A Battle of Two Khans: Genghis Khan vs Kublai Khan

Close of phic of Genghis Khan main

Temujin (born 1162) arose from humble origins to be the great leader (Genghis Khan) of the Mongolian Empire. A lowly Central Asian herdsman used a mix of brutality and strategic brilliance to become the leader of an empire from the Middle East to China. His policy: brutality in war, civility in peace, religious tolerance, and openness to adapting the ways of the people he conquered. His grandson, Kublai Khan, also had to fight to control the empire. Kublai focused on being a Chinese emperor, losing many of his Mongol ways. 


Mongolia, a grassland (steppe) region between Russia and China, was divided among various tribes in the mid-12th Century. They believed spirits inhabited the land. 

Geography was central to Mongol culture’s development, including a simple nomadic lifestyle and a drive to raid surrounding areas to obtain goods they could not produce.  

Mongols were excellent with horses. It would come in handy when building an empire.  

Genghis Khan 

Temujin had very humble origins. He was born in 1162. His mother was kidnapped from her original husband by someone too poor to avoid the costs of a more proper wedding. 

His father died. Temujin killed his half-brother and had to live as a criminal/slave. What mattered was that he survived. Temujin married and used his wife’s dowry to ally himself with the leader (khan) of a powerful tribe. He strategically expanded his power over the years.

In 1206, Temujin became the leader of all the Mongol clans, the Genghis Khan (“leader of all”).  

Genghis Khan established various successful practices, including military organization (promoting the good of each unit as a whole, with leadership chosen by ability, not mere family connections), a “Great Law” to address various problems that divided his people (such as forbidding kidnapping and allowing religious freedom), and use of an election council (khuriltai) to assure that the new leader (khan) had the support of the group as a whole.  

Mongols were a deadly mobile fighting force. If you peacefully surrendered, all would be well. If not, they would kill all the aristocrats and give no quarter. Their reputation preceded them. 

Genghis Khan built up an empire from China to Iran. He established a capital city in Mongolia. His brutal military tactics contrasted with his benign civil policy. There was religious freedom. Mongol soldiers protected trade routes, resulting in a thriving trade. A cosmopolitan range of native experts from various conquered lands provided educational and technical know-how. 

It was a type of Pax Mongolica (Mongol Peace). Genghis Khan continued to fight and expand his empire until he died at age sixty-five in 1227.  

Kublai Khan

Kublai was born in 1215. He was the youngest son of Tolui (Genghis’ son) and Sorghaghtani Beki (a Christian). His mother was primarily in charge of Kublai’s education. 

Kublai learned the art of warfare and became a skilled warrior. He learned Mongolian traditions. He successfully brought down an antelope at age nine.  

He spent most of his life in China. When Kublai was twenty-one, his uncle gave him control of Hopei province in China. He benefited from advisors from a range of philophies and ethnic groups.  He learned the ways of Confucius, the moral guide of the Chinese people. A Chinese monk taught him the ways of Buddhism.  Nonetheless, he did not know how to read Chinese.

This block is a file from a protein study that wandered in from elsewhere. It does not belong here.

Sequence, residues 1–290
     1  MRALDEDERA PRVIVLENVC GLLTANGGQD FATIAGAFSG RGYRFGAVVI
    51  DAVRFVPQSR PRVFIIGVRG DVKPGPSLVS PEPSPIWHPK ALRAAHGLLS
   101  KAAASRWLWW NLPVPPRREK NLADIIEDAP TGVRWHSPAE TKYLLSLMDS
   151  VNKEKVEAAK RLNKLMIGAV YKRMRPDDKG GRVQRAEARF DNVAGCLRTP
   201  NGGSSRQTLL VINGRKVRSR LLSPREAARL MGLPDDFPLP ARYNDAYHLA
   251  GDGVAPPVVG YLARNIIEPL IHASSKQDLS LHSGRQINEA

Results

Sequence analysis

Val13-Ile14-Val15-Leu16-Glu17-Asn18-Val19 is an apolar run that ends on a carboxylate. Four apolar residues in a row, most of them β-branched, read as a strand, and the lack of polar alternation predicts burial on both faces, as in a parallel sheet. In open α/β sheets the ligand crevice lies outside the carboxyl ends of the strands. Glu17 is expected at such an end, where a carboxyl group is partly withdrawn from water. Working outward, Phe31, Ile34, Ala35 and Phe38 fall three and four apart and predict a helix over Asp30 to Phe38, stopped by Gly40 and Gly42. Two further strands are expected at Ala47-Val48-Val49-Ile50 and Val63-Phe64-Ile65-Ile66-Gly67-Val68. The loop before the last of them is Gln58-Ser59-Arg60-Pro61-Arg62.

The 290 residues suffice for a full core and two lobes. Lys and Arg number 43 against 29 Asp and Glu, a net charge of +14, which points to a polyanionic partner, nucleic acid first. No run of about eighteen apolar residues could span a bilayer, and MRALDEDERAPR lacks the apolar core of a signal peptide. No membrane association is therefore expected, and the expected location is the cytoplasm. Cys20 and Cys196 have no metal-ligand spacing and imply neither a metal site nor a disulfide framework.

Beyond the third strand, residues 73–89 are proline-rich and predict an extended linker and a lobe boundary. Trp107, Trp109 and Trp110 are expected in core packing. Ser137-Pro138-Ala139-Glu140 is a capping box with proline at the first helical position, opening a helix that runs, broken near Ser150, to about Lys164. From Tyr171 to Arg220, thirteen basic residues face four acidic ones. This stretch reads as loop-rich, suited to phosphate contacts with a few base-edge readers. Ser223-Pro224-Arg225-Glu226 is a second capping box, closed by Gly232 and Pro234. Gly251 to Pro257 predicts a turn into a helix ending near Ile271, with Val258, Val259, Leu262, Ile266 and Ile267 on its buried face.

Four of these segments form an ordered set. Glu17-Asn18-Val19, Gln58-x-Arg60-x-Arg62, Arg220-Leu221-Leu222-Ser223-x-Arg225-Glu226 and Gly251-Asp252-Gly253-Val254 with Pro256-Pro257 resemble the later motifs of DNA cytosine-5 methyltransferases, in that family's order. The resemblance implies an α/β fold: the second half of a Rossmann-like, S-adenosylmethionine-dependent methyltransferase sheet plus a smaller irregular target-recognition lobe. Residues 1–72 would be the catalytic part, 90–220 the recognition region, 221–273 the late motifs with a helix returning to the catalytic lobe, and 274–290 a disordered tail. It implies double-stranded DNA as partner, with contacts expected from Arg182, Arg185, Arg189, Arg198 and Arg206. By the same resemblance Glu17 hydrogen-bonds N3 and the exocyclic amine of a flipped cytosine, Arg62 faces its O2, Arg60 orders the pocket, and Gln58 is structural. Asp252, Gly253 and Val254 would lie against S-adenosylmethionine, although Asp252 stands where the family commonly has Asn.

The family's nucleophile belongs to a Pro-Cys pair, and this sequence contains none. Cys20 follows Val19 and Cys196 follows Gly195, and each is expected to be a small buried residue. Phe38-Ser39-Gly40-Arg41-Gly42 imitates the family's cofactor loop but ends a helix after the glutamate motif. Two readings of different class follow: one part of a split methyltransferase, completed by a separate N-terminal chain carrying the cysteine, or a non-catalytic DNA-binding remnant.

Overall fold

His brother became the leader of the Mongols. Kublai was in charge of gaining control of China. He spent decades trying to do so. Meanwhile, after his brother died, Kublai fought a civil war with another brother to replace him. After four years, he was the new leader of the Mongols. 

Kublai gained control of China by adapting to the culture of the region.  Kublai became a Chinese emperor, starting the Yang Dynasty and residing in Bejing. He controlled all of China in 1279. 

It was the height of the Mongol Empire. Marco Polo, the Italian merchant, visited during this time. Kublai put him to work, making him a government official for a few years.  

Kublai Khan continued the benign civil policies of his grandfather, including religious tolerance. In his older years, Kublai settled down as a Chinese leader. He grew fat and drank heavily. Attempts to further spread the empire into Japan and other Asian lands failed.  

Kublai Khan died peacefully at age 70 in 1294.  His grandfather’s empire had already begun to break apart into different regional centers. The Mongol Empire collapsed mid-14th century.

The Two Khans 

The two leaders of the Mongol Empire were grandfather and grandson. 

Both were Mongolian, learning the traditional ways of the people. They each were builders of great empires. Both had to fight civil wars to obtain final control. 

They also each ruled following a policy of tolerance and skillful governance. A warlike people built a great empire the breadth akin to that of the Romans.  

Genghis Khan arose from humble origins and kept on fighting until the end. Kublai Khan was born into a family that already ruled an empire.  Kublai became a Chinese emperor. His grandfather never truly gave up the culture of his birth. Kublai also settled down, unlike his grandfather. 

The two Khans had many similarities and differences. Each was, in their way, a “Genghis Khan.”

Teach and Thrive

A Bronx, NY veteran high school social studies teacher who has learned most of what she has learned through trial and error and error and error.... and wants to save others that pain.